For many people a Revocable Living Trust is an excellent way to implement their Estate Plan. Like a Will, a Trust makes provision for the transfer of your assets at death. Unlike a Will, assets in the Trust are not subject to the costs and delays of probate. During your lifetime, it remains completely under your control.
If structured and funded properly, the use of a Revocable Living Trust can eliminate court costs (except in an unusual situation); lower the amount of attorney time needed to administer your Estate, thus lowering attorney fees; and avoid time delays. In most situations, the successor Trustee can assume management of the Trust immediately. The payment of final bills, collection of insurance monies, sale of appropriate assets, etc., can be done very quickly. The actual time it takes to “administer the Estate of the decedent” by means of a Living Trust often can be reduced by half, as compared with the probate process.
On the other hand, Trusts are not for everyone. Because of the added initial cost, funding requirements and other issues, some people prefer a Will for their primary Estate Planning document. Even with the Trust, it is recommended that you have a Will, often called a “pour-over” Will to cover any assets not included in the Trust at your death.
Suggestions for Charitable Giving in Estate Plans
- Giving a tithe of your Estate to charity
When planning for the future allocation of your Estate, you can use the occasion to reinforce the importance of the biblical concept of a tithe to your family. For example, if a couple with four children had an Estate of $600,000, a tithe of the Estate would provide $60,000 for charity and $540,000 to their children, or approximately $135,000 for each child.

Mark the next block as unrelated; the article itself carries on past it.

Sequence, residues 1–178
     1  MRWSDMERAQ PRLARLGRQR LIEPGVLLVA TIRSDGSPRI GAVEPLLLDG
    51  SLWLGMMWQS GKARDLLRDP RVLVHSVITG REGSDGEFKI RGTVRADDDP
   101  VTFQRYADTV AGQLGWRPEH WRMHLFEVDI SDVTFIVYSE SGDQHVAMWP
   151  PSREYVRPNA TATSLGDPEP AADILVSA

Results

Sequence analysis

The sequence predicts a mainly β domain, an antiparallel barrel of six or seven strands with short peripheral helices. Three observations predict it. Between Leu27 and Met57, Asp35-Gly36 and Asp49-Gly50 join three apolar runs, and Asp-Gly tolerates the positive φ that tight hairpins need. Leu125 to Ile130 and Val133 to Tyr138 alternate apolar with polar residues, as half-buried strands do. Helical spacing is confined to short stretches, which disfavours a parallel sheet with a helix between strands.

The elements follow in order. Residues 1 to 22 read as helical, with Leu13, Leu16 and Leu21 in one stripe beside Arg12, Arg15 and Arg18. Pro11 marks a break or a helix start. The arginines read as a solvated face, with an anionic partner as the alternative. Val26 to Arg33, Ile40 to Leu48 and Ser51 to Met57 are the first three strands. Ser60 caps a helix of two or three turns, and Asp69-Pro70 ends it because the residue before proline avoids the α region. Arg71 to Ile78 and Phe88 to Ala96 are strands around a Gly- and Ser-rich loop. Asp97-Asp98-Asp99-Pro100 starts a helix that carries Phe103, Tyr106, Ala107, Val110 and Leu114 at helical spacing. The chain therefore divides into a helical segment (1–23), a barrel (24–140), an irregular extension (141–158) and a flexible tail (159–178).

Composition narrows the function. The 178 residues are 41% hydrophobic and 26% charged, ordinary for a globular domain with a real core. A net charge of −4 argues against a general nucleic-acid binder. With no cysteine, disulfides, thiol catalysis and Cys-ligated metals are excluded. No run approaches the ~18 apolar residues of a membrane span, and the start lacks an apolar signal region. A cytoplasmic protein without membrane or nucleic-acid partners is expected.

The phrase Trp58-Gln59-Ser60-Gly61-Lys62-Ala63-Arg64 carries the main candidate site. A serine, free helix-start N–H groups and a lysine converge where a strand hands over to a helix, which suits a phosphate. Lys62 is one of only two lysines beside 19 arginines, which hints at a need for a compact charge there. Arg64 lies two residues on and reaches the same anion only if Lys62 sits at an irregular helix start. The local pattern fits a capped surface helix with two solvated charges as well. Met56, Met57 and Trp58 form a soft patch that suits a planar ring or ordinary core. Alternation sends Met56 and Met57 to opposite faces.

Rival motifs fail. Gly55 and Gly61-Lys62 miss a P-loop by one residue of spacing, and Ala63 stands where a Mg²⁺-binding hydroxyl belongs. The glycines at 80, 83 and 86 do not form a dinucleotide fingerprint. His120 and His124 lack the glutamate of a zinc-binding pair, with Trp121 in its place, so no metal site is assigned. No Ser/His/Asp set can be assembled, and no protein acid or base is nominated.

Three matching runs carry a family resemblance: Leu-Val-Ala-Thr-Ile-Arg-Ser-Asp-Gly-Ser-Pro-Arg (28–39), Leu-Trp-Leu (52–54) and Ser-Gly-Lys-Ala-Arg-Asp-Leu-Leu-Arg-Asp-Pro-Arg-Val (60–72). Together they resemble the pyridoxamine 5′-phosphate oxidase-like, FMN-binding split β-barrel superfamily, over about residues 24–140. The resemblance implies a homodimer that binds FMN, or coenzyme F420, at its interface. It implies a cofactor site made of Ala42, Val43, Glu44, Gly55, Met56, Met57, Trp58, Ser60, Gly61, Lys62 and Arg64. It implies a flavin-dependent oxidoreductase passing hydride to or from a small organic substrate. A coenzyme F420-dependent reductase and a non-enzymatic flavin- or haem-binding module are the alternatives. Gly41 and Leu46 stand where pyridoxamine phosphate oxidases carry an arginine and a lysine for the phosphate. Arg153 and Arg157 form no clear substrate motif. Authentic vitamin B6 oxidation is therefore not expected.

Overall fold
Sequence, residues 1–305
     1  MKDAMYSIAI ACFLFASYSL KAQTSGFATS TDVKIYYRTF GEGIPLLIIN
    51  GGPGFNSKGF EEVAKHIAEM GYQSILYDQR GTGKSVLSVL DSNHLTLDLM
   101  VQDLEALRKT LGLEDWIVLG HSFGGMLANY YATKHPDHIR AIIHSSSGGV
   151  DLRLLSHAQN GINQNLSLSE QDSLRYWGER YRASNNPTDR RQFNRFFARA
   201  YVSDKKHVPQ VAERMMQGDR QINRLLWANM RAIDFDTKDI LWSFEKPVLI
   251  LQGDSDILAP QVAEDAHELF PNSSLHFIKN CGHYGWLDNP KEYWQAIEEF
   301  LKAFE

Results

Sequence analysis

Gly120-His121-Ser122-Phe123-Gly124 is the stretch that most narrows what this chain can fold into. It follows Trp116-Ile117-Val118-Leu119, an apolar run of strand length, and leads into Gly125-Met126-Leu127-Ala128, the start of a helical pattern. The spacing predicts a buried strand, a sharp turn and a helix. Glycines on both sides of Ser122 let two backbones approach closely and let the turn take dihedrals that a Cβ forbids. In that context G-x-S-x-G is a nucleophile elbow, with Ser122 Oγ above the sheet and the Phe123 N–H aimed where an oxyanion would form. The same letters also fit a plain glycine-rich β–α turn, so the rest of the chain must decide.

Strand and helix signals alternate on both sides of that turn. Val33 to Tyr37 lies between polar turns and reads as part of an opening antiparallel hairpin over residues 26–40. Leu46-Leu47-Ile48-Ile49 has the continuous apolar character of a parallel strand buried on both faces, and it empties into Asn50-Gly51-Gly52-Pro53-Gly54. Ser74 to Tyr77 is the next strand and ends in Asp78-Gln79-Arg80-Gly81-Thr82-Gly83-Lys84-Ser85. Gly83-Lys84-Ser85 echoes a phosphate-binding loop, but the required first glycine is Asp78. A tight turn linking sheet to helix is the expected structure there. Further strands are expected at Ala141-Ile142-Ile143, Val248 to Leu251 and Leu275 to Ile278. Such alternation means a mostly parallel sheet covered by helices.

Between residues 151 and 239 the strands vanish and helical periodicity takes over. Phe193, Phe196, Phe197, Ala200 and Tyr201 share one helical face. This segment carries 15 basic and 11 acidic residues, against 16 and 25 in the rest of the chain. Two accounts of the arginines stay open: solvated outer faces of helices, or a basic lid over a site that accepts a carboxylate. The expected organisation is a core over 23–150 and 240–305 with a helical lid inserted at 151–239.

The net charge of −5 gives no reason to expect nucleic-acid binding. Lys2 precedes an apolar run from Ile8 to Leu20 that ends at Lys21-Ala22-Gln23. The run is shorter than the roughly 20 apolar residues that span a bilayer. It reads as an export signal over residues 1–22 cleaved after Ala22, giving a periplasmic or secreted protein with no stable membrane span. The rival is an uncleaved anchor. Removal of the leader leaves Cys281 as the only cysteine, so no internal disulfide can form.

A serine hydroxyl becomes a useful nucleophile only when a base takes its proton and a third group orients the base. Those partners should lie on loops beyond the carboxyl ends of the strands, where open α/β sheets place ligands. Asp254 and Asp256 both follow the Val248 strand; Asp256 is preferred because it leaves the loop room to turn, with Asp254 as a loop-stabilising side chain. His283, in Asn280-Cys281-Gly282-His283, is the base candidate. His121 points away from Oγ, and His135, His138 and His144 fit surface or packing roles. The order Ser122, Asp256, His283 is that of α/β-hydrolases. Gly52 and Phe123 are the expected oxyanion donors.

- “Child Named Charity”
The concept of a “Child Named Charity” actually was presented to the Barnabas Foundation by a couple who had lost a child and wanted that child’s share to go to their favorite Christian charities. It has become a popular way for many people to distribute gifts from their Estate.
For example, if a couple has four children and wants to include a “Child Named Charity” in their plans, they would divide their Estate five ways: one-fifth to each child and one-fifth to their favorite Christian organizations. A “Child Named Charity” makes a strong statement to family members about your commitment to Christian causes. At the same time, it still provides a substantial portion of your Estate for your children.
Make an Investment in God’s Kingdom
Debt Reduction / Debt Retirement
Currently, Freeman Academy has a total of $525,000 left to pay on the construction of Sterling Hall and the Link. Fifteen-year loans from Merchants State Bank of Freeman and US Dept. of Agriculture will mature in 2023, BUT we could save thousands of dollars in interest if we can pay them off early – by 2018. A generous gift to this cause would benefit the school by saving money that could be used for other needed campus improvements, financial student assistance and general fund cash flow.
Financial Aid Fund
Each year twenty or more students receive some tuition assistance to attend Freeman Academy. That assistance is funded through cash gifts, estate gifts, and interest on invested endowment money gifted to the school by individuals and alumni classes.
Future Capital Improvements
Since Freeman Academy is located on a former college campus comprised of older buildings, we need to be vigilant with repairs and upkeep. Repair and painting of all walls and restroom upgrades in the Administration Building is the next large project. Work began in the summer of 2013 with drainage tile along the outside walls and resurfacing of first floor hallways. The next phase will be to upgrade the restrooms.
Remodeling of the backstage, locker room, make-up and costume rooms in Pioneer Hall is another project waiting for attention. This would include both the main floor and the basement along with updating the kitchen and replacing the 60+ year-old ceiling and flooring in the cafeteria and dining hall.